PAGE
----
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Old 07-23-2011, 08:51 AM
 
Location: Baltimore, MD
3,746 posts, read 4,226,506 times
Reputation: 6866

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Two proposals that were recently released:

Heritage Foundation:
http://www.savingthedream.org/about-...vAmerDream.pdf

Senator Coburn
http://coburn.senate.gov/public//ind...0-79c43f33913a

The Heritage Foundation's proposal did not surprise me. Senator Coburn's plan was a bit of a shocker, given that he is a Congressman. Perhaps he does not intend to seek reelection ?
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Old 07-23-2011, 09:29 AM
 
Location: Los Angeles area
14,018 posts, read 17,769,401 times
Reputation: 32309
Quote:
Originally Posted by lenora View Post
Two proposals that were recently released:
Heritage Foundation:
http://www.savingthedream.org/about-...vAmerDream.pdf
Senator Coburn
http://coburn.senate.gov/public//ind...0-79c43f33913a
The Heritage Foundation's proposal did not surprise me. Senator Coburn's plan was a bit of a shocker, given that he is a Congressman. Perhaps he does not intend to seek reelection ?
You speculate that Sen. Coburn may "not intend to seek reelection". Did you mean this as a criticism or a compliment? I think we need more politicians who put rationality and the long-term interest of the nation ahead of their own re-election hopes. His proposal is long (26 pages) but very rational and very well thought out. He starts by pointing out what we all ought to admit right now - that we are between a rock and a hard place with regard to Social Security. Here are his proposals:

1. Reduce benefits for higher income earners
2. Increase retirement age to reflect gains in life expectancy
3. Improve calculation of COLA's
4. Adjust the spousal benefit calculation

Now I can make counter-arguments against all four of the proposals. But I want to know what poster Lenora would propose as solutions, if, as she seems to be implying, she doesn't like the above four. Is she in favor of doing nothing and waiting for the train wreck? Let's face it: Nothing that can be done will fail to gore somebody's ox. Sen. Coburn's four suggestions are about as reasonable as any I have seen, and I follow this debate.

In addition, Sen. Coburn has some common-sense proposals for reforming the disability program. Why do you think disability awards have been increasing at an exponential rate? Isn't that in itself a gigantic red flag that something is wrong? Do you really think the human gene pool has changed so much in a few decades that we have scads more disabled people? Wouldn't it be worth doing something to cut the fraud and abuse in order to preserve disability payments for those who are truly disabled? Or would it be better to do nothing and wait for the train wreck? The disability train wreck is coming sooner than the Social Security retirement benefits train wreck, so the former is even more critical to address than the latter.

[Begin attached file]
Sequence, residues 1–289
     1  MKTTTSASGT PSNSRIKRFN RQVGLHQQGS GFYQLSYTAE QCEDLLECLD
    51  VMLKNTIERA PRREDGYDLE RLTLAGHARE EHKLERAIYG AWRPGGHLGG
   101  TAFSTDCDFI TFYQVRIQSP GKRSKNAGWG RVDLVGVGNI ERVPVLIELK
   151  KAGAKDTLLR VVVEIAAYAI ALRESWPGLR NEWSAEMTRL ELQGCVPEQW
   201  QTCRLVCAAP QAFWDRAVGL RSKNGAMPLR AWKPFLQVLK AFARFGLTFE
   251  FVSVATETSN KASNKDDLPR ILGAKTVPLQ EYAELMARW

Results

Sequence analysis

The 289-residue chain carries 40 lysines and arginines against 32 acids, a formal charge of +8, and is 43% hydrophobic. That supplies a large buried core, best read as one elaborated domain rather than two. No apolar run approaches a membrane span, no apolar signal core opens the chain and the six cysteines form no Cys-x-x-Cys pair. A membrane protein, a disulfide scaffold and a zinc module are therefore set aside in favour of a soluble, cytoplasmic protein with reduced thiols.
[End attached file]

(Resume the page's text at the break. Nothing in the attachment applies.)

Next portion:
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Old 07-23-2011, 11:35 AM
 
48,516 posts, read 84,044,795 times
Reputation: 18051
The one thing I come out of this with is no matter what SS as a program to supplement retirement is less secure as to certtainty of payments even if reduced as trutees say.Many politicains have no incentive to reform or fix it has they constantly use it more than any program as a scare tactic to get votes and support.Someone mention reform and the same old crowd says the reformer wants to elminate SS.I trust wall street more than washington now actually.
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Old 07-23-2011, 01:48 PM
 
Location: Metromess
11,798 posts, read 22,005,395 times
Reputation: 5074
I don't think either is deserving of much trust.
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Old 07-23-2011, 03:10 PM
 
Location: Baltimore, MD
3,746 posts, read 4,226,506 times
Reputation: 6866
Quote:
Originally Posted by Escort Rider View Post
You speculate that Sen. Coburn may "not intend to seek reelection". Did you mean this as a criticism or a compliment? I think we need more politicians who put rationality and the long-term interest of the nation ahead of their own re-election hopes. His proposal is long (26 pages) but very rational and very well thought out. He starts by pointing out what we all ought to admit right now - that we are between a rock and a hard place with regard to Social Security. Here are his proposals:

1. Reduce benefits for higher income earners
2. Increase retirement age to reflect gains in life expectancy
3. Improve calculation of COLA's
4. Adjust the spousal benefit calculation

Now I can make counter-arguments against all four of the proposals. But I want to know what poster Lenora would propose as solutions, if, as she seems to be implying, she doesn't like the above four. Is she in favor of doing nothing and waiting for the train wreck? Let's face it: Nothing that can be done will fail to gore somebody's ox. Sen. Coburn's four suggestions are about as reasonable as any I have seen, and I follow this debate.

In addition, Sen. Coburn has some common-sense proposals for reforming the disability program. Why do you think disability awards have been increasing at an exponential rate? Isn't that in itself a gigantic red flag that something is wrong? Do you really think the human gene pool has changed so much in a few decades that we have scads more disabled people? Wouldn't it be worth doing something to cut the fraud and abuse in order to preserve disability payments for those who are truly disabled? Or would it be better to do nothing and wait for the train wreck? The disability train wreck is coming sooner than the Social Security retirement benefits train wreck, so the former is even more critical to address than the latter.
Call me cynical, but the mere fact that Sen. Coburn's proposal was released (with typos) while everyone in the nation is focused on the debt ceiling, leads me to believe he didn't expect anyone to actually read his proposal.

I'm not familiar with Sen. Coburn, but it seems to me any republican who seeks to immediately reduce benefits to those with an earnings record averaging greater than $2,433/month is going to p.o. a lot of his constituents. (I didn't see where he intends to limit this particular reform to future retirees. If you see that, please feel free to direct my attention to the page number. Wouldn't be the first time I missed an important point.)

The phasing in of the reduction of spousal benefits would begin next year. Although he indicates he is in favor of reducing spousal benefits because a two member household doesn't need the full 50%, he did not address the award of spousal benefits to divorced spouses. Was this intentional? Again, being a bit cynical, I'd vote yes.